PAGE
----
(3) Cook dinner or do the dishes without being asked if that is not something you normally do for your spouse.
(4) Pass along a great book you have finished reading. Take time to listen to something your spouse is interested in, like a book they are reading, even if you normally would not be interested in that topic/ book.
(5) Give sincere compliments for things the other person had some control over, but don’t flatter them. (Flattery means giving excessive complements –often for selfish gain.) A sincere compliment would be: “I really like that dress.”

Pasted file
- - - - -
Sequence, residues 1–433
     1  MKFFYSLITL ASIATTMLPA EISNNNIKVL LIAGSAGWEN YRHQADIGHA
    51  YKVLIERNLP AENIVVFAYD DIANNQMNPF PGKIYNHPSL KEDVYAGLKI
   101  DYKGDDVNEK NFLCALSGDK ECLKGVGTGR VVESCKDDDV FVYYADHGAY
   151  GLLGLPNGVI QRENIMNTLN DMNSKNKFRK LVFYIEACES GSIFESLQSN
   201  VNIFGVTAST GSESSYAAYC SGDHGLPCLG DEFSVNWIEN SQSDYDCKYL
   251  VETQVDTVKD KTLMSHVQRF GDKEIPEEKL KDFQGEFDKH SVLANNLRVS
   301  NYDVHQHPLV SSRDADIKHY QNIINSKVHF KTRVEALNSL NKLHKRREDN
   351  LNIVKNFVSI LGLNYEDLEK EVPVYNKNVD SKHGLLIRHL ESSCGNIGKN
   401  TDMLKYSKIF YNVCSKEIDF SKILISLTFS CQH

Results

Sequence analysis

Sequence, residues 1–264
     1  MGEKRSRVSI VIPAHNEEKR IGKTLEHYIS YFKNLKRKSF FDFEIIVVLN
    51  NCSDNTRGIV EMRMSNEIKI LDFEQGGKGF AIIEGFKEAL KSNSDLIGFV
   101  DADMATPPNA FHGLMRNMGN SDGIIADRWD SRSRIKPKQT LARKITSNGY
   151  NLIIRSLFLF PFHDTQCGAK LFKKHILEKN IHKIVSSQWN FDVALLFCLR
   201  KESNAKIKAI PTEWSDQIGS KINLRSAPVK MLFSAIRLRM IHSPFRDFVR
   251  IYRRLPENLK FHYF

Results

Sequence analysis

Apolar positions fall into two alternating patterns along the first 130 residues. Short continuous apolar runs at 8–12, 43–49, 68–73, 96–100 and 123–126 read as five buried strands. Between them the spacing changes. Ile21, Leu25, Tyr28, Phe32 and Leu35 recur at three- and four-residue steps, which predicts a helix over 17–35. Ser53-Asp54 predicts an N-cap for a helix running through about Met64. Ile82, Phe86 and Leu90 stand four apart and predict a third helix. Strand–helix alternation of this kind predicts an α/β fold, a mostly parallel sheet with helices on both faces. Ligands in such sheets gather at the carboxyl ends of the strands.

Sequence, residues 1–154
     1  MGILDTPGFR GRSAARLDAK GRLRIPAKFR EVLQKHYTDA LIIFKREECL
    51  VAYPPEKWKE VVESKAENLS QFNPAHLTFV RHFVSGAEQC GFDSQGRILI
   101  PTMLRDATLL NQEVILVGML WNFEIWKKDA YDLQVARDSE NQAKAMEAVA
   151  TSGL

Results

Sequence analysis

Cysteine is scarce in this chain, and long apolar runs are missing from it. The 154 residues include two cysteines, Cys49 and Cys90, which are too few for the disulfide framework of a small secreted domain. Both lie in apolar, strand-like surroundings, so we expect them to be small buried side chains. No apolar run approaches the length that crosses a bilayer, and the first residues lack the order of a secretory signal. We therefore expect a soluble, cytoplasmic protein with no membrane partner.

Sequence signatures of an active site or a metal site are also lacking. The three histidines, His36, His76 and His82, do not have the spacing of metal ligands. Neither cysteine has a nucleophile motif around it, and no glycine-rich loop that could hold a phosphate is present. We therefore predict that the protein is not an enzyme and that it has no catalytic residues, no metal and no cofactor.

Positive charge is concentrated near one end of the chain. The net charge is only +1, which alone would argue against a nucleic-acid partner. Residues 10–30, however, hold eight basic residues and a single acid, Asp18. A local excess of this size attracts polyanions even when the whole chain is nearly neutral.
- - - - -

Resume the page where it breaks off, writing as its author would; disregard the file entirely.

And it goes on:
Humility is the oil that makes everything in your life work right. When applied to conflict, it brings resolve faster than anything else. Humility is not weakness, it’s one of the attitudes needed for a successful marriage. It is strength! Ready for an attitude adjustment? What made Jesus so powerful and attractive was his humility. In John [5:19], Jesus said, “Truly, truly, I say to you, the Son can do nothing of his own accord, but only what he sees the Father doing. For whatever the Father does, that the Son does likewise.” (See also: John [5:30], 41; [6:38]; [7:16], 28, 42) Practice humility by giving credit to others for your success, praising others and helping them succeed, admitting your mistakes, learning from others, by being interruptible, and by serving others. Change how you respond to those who annoy you, rather than focusing on how you can change them. Jesus tells us, “Love your enemies and pray for those who persecute you, so that you may be sons of your Father who is in heaven. . .” (Matthew [5:43]-48). It also takes humility to pursue peace. Psalm [34:14] reads, “Turn away from evil and do good; seek peace and pursue it. (See also: Romans [14:19]; 2 Timothy [2:22]; 1 Peter [3:11]). You don’t always have to be right or have the final word. Learn to let it go and gracefully be wrong. I’ve often learned the hard way that yielding my right to be right produces a lot more peace and harmony with others than stubbornly holding on to my own opinion.